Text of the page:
Herzliya, Nahariya removed from pollution blacklist

Acre and Haifa bays, Tel Aviv-Dan Region, Palmahim and Ashdod have the highest levels of sea pollution.

By EHUD ZION WALDOKS
December 23, 2008 23:41
1 minute read.
Herzliya, Nahariya removed from pollution blacklist

sea pollution 88. (photo credit: )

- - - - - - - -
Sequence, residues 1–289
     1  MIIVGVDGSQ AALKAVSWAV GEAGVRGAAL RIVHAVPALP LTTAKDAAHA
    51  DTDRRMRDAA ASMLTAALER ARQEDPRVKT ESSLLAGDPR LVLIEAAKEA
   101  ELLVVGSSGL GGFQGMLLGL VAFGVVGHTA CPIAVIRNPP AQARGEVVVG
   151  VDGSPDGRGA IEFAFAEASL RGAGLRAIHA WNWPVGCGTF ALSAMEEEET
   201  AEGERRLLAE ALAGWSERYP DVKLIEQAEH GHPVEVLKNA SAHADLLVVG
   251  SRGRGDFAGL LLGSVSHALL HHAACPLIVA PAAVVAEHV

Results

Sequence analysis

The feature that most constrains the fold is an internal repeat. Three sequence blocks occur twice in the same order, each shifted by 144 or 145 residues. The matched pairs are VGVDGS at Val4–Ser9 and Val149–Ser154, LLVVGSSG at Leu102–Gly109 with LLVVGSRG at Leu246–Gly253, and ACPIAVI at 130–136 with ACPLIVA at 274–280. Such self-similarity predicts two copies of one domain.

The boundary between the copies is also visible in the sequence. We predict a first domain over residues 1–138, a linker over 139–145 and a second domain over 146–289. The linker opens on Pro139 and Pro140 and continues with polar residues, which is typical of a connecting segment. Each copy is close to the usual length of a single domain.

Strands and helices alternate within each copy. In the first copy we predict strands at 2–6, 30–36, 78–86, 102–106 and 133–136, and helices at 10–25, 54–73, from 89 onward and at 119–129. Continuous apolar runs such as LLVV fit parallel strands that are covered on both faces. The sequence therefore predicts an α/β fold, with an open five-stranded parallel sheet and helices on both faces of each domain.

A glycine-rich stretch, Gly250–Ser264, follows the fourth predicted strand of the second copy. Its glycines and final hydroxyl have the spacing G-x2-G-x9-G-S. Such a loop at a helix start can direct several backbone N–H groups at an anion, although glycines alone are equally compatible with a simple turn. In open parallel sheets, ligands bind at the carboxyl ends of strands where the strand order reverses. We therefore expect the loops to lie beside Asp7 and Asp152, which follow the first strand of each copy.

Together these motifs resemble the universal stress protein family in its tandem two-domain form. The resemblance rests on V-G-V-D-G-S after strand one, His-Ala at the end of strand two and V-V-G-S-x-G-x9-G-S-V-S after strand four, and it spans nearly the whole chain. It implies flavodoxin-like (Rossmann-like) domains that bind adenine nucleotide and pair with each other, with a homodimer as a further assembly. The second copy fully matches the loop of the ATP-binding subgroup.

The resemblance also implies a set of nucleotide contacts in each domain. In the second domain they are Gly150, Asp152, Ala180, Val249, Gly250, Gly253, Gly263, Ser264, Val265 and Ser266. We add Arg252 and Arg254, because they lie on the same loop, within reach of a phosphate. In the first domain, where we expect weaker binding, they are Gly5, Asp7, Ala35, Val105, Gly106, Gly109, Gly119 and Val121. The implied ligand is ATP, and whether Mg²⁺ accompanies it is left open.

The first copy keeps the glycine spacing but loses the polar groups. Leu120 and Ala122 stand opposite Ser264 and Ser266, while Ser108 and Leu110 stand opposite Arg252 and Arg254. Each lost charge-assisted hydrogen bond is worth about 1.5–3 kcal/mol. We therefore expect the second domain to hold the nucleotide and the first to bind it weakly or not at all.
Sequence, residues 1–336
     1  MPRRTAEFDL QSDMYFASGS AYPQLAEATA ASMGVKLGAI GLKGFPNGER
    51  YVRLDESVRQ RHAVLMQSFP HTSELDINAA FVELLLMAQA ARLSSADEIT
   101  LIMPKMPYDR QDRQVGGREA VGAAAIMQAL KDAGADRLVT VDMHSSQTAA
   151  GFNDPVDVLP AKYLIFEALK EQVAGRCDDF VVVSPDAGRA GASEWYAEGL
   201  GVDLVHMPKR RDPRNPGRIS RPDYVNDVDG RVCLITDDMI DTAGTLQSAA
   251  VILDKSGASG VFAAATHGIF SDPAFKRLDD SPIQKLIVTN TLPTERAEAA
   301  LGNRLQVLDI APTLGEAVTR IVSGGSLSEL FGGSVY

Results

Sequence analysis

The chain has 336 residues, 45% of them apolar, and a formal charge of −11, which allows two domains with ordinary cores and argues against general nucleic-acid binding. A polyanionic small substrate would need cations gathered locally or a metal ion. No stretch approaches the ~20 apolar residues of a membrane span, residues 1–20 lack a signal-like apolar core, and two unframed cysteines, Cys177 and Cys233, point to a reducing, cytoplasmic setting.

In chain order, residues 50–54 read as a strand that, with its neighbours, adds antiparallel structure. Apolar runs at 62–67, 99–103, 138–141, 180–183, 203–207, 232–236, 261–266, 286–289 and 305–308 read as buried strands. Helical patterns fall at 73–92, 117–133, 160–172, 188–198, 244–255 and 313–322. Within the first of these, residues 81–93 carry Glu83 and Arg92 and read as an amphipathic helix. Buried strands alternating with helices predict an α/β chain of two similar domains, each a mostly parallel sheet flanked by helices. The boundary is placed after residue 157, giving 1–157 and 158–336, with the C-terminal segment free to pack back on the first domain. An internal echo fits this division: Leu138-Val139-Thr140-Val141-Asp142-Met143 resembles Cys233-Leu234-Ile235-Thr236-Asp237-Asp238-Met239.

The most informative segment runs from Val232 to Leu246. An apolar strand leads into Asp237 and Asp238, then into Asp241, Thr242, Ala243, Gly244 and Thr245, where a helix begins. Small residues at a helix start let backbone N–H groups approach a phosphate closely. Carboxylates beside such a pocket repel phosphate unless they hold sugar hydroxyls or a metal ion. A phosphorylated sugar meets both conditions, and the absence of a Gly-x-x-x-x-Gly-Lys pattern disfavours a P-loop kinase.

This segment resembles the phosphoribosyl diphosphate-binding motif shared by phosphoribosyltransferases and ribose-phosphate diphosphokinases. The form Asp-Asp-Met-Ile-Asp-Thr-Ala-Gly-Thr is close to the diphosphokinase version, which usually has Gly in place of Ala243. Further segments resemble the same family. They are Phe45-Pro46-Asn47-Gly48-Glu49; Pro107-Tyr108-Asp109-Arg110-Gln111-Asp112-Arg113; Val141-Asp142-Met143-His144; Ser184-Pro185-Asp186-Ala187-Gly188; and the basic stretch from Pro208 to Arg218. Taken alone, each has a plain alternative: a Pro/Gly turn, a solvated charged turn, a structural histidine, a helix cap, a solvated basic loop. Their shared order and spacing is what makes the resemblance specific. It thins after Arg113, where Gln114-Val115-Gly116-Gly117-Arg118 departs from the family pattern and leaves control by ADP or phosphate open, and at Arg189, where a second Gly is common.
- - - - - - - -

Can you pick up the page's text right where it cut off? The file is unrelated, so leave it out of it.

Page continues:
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The Acre and Haifa bays, Tel Aviv-Dan Region, Palmahim and Ashdod have the highest levels of sea pollution, according to the Zalul Environmental Association's map for 2008 released on Monday. Herzliya and Nahariya were removed from the blacklist this year because they installed high quality waste treatment facilities. This is the second year that Zalul has posted a yearly summary in map form on its Web site. The map does not detail illegal flows, but rather places where pumping with a permit still pollutes the sea. The map shows exactly which plants pump waste water into the sea and which permits they hold. High concentrations of heavy metals, organic compounds, oil and fats, ammonia pesticides and other harmful substances were flushed out to the sea, according to Zalul's report. Many of those substances are potentially carcinogenic for humans at higher doses and toxic for marine animal and plant life as well. About 55 million cubic meters of waste water is sent to the sea each year, the researchers wrote. Zalul's efforts in 2007 convinced the Environmental Protection Ministry to list all of the permits on its own Web site. In late 2008, Zalul executive director Yariv Abramovich was asked to join the Permit Committee. The figures in the report are based on what was allowed according to the permits, and not actual amounts, since that information is not publicly available. Furthermore, the map only lists hot spots and trouble spots along the Mediterranean coast, even though the ministry also allows pumping into the Red and Dead seas. "The information presented is intended to help decision-makers to focus their efforts to reduce pollution and protect the public's health, as well as to reveal the important information about how many substances were allowed to flow into the sea," Zalul deputy director Ezer Fischler said in a statement. "When thousands of tons of polluting substances flow into the sea every year, rigorous and professional monitoring is a must. Any recommendation to do away with such monitoring represents a threat to public health and a death sentence for the sea environment," Fischler said. According to the organization, the ministry has recently considered cutting back its monitoring efforts. The interactive map in English with explanations can be found at: www.zalul.org/en/zmap/default.htm.

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